You’ve nurtured relationships with venues and musicians in your local scene, and you’ve developed a reputation as a reliable, hard-working player. You show up on time, you don’t bitch too much, and you support the efforts of your bandmates. How can you take that to another level?

Photo by George BrandauI imagine this tip works at any professional level. So whether you play local clubs, large capacity venues, or travel the globe in support of your craft, marketing yourself is a way to stand out. In the process of making yourself stand out, you’ll also lift those around you (i.e. your bandmates). As a drummer, I’m fond of saying that a band can have a so-so guitarist, bass player and singer; but if the drummer sucks, so goes the whole band. How does that saying apply to marketing? A band or musician can certainly be  great, but if marketing efforts are lame, the chances of getting decent bookings are slim.

Social media, email marketing, and clever campaign elements can really distinguish you and the acts with whom you perform. As I discuss these relatively simple elements of marketing, imagine how they might fit into your world. Obviously, if you’re a professional who tours internationally, my marketing tactics won’t all apply. That said, some will. Use your imagination. Hi-level pros may need to think PR campaign. Just apply the basic principles to the level of exposure that your reputation and audience warrants.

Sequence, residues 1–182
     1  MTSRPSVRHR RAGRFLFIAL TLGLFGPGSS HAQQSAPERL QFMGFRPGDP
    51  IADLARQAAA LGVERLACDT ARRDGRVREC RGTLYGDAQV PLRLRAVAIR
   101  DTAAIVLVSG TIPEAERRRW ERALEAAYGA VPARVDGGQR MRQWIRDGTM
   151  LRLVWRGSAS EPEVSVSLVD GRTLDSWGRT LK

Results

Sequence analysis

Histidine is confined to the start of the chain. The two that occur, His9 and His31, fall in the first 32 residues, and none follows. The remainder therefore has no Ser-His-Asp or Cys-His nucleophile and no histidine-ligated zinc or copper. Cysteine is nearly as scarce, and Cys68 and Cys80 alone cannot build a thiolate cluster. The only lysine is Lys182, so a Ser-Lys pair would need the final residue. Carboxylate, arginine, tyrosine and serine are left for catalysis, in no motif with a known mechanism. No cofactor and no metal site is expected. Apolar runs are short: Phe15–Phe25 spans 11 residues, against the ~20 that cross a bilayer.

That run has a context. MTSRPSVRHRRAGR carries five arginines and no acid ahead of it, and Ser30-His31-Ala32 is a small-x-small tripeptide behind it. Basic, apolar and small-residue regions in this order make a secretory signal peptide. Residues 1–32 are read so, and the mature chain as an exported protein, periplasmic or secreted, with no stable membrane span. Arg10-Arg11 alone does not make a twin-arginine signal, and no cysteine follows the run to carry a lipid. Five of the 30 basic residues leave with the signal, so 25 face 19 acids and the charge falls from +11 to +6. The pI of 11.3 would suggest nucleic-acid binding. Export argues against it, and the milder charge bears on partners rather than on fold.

While I can see Facebook relevance waning, a Facebook Page can still provide great visibility among your fan base. I’ve personally only used it to promote gigs, but used to its full potential, you can build a solid reputation and following. ReverbNation is a site that I’ve seen many of my local peers use with some success. Email campaigns managed by an email marketing service are still quite useful in building and communicating with fans, venues and booking contacts. Email marketing is, however, a constant exercise in list building. Your email list is something that has to be promoted on your website, at your gigs and on any print collateral that you produce. QR codes can be great for promoting your email list. Be careful with your email marketing though. Let your fans know about gigs, CD release parties and anything important that they wanna hear about. Don’t over email them with trivial stuff. Twitter can be helpful to your efforts also. In my particular market, I’ve found that venues and cities are marketing entertainment via Twitter (and Facebook). Smart marketers will find you, if you’re tweeting about local gigs and music events. There are social sites abound, and marketing that can be done specifically for mobile users. Start with something manageable. Creating a Facebook Page is an easy place to start. Depending on your level of expertise or budget, a website might be the next best thing to incorporate in to your marketing plan. You can certainly start an email list right away. I like MailChimp as a service provider for managing email campaigns. There are lots of great email marketing service options, so look for one that suits you best.

Need more detailed information or help. Feel free to contact me. I’m happy to help where I can.

Read part 4  ~ Read part 6